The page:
Over the last decade, there has been a flurry of attention given to perinatal mood and anxiety disorders (PMADs) otherwise referred to as postpartum depression. Famous women like Gwyneth Paltrow, Chrissy Teigen, Adele, and many more inspiring people have come forward with their personal PMAD struggles. National medical associations like the AAP (American Association of Pediatrics) and ACOG (American College of Obstetricians and Gynecologists) now recommend screening for PMADs during pregnancy, postpartum and at child well visits. These are critical steps in changing the conversation and stigma that have historically surrounded PMADs.
Another critical step is education. It’s imperative for all providers that come in contact with new and expecting parents to look out for the signs and symptoms of PMADs.
PMADs are the most common birth complication – higher than gestational diabetes and preeclampsia. If we all know what PMADs look like, then we can introduce early intervention and support to help new and expecting parents feel better.
1 in 5 new and expecting mothers* experience PMAD – it can feel like they’re drowning in an endless, dark sea, just waiting for someone to throw a life preserver.
Those of us who do this work know that number is really 1 in 3.
From trying to conceive to becoming pregnant and entering the postpartum journey: we know the wide range of emotions that are normal to feel. Becoming a new parent is stressful and some difficulty adjusting to parenthood is considered normal.
The normal postpartum adjustment may involve symptoms similar to Baby Blues (sad, irritable, absolutely exhausted, crying at the drop of a hat) and it’s likely that most experience some of these symptoms during the first few months after childbirth. However, if these symptoms are interfering with normal coping abilities, functioning, or parenting, something more serious, like a Perinatal Mood and Anxiety Disorder (PMAD), may be happening.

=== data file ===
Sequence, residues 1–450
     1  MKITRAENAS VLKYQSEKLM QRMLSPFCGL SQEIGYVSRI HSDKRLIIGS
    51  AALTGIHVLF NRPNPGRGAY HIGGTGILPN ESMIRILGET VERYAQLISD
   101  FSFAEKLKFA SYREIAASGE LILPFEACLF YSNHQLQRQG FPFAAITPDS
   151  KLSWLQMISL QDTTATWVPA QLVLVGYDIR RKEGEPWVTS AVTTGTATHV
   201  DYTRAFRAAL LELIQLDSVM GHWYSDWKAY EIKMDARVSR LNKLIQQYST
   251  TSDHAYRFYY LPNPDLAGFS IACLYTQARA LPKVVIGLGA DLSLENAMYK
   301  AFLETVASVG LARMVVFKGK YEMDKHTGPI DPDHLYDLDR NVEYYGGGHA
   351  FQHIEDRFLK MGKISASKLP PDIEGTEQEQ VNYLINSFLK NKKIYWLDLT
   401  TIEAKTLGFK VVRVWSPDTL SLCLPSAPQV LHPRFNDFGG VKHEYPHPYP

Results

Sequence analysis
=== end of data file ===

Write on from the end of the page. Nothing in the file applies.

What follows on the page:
An acupuncturist, for example, doesn’t need to be a professional mental health provider to recognize a PMAD. The of the signs that can be easily detected for someone trained are:
- Excessive worry about the pregnancy or the new baby – contacting their providers multiple times a day.
- Frequent crying paired with statements like “I’m a failure,” “I can’t do anything right,” “I’ve made a huge mistake” and so on.
- Obsessive cleaning (of bottles or laundry for example).
- Ruminations about harm coming to the baby.
- Feelings of hopelessness & helplessness as well as refraining from seeing friends and family or leaving the house.
- Difficulty sleeping when the baby sleeps at night or sleeping all the time.
- A lack of appetite
- Difficulty taking care of the baby or themselves.
- Feelings of irritability, anger, and sometimes rage.
- In severe cases, thoughts of suicide or ending the baby’s life.
With proper awareness and training, an acupuncturist or a loved one can feel comfortable and confident recognizing these symptoms and having a conversation about them.
They could say, “Becoming a new parent is one of the hardest things you can do, we don’t talk enough about the hard part. It’s very common to feel anxious and overwhelmed by this new responsibility – it can feel like it’s too much. What has it been like for you?”
If they say they are really struggling a response might be, “I have heard so many say exactly the same thing. You are not alone, and you can feel much better with the right support. I have some resources to help you get through this challenging time and enjoy this time with your new baby more. Should we make the call together?” Practitioners, partners, and other family members also play a critical role and can be educated on where to go for help.
Today more than ever, families have access to virtual care and telemedicine. Please call us at The Motherhood Center at 212-335-0034 if you or someone you know might be struggling with a PMAD. We are here to help and support you every step of the way.
The Motherhood Center
Treatment at The Motherhood Center ranges from a Day Program for new and expecting moms with acute PMADs with an onsite nursery, outpatient therapy and medication management for women with mild to moderate symptoms, and support groups.
Please know that you are not alone, we are here for you. The more we know what PMADs look like – and we share our collective experiences with PMADs – the more we destigmatize them and make it easier for women to seek treatment.
* Language used in the study referenced.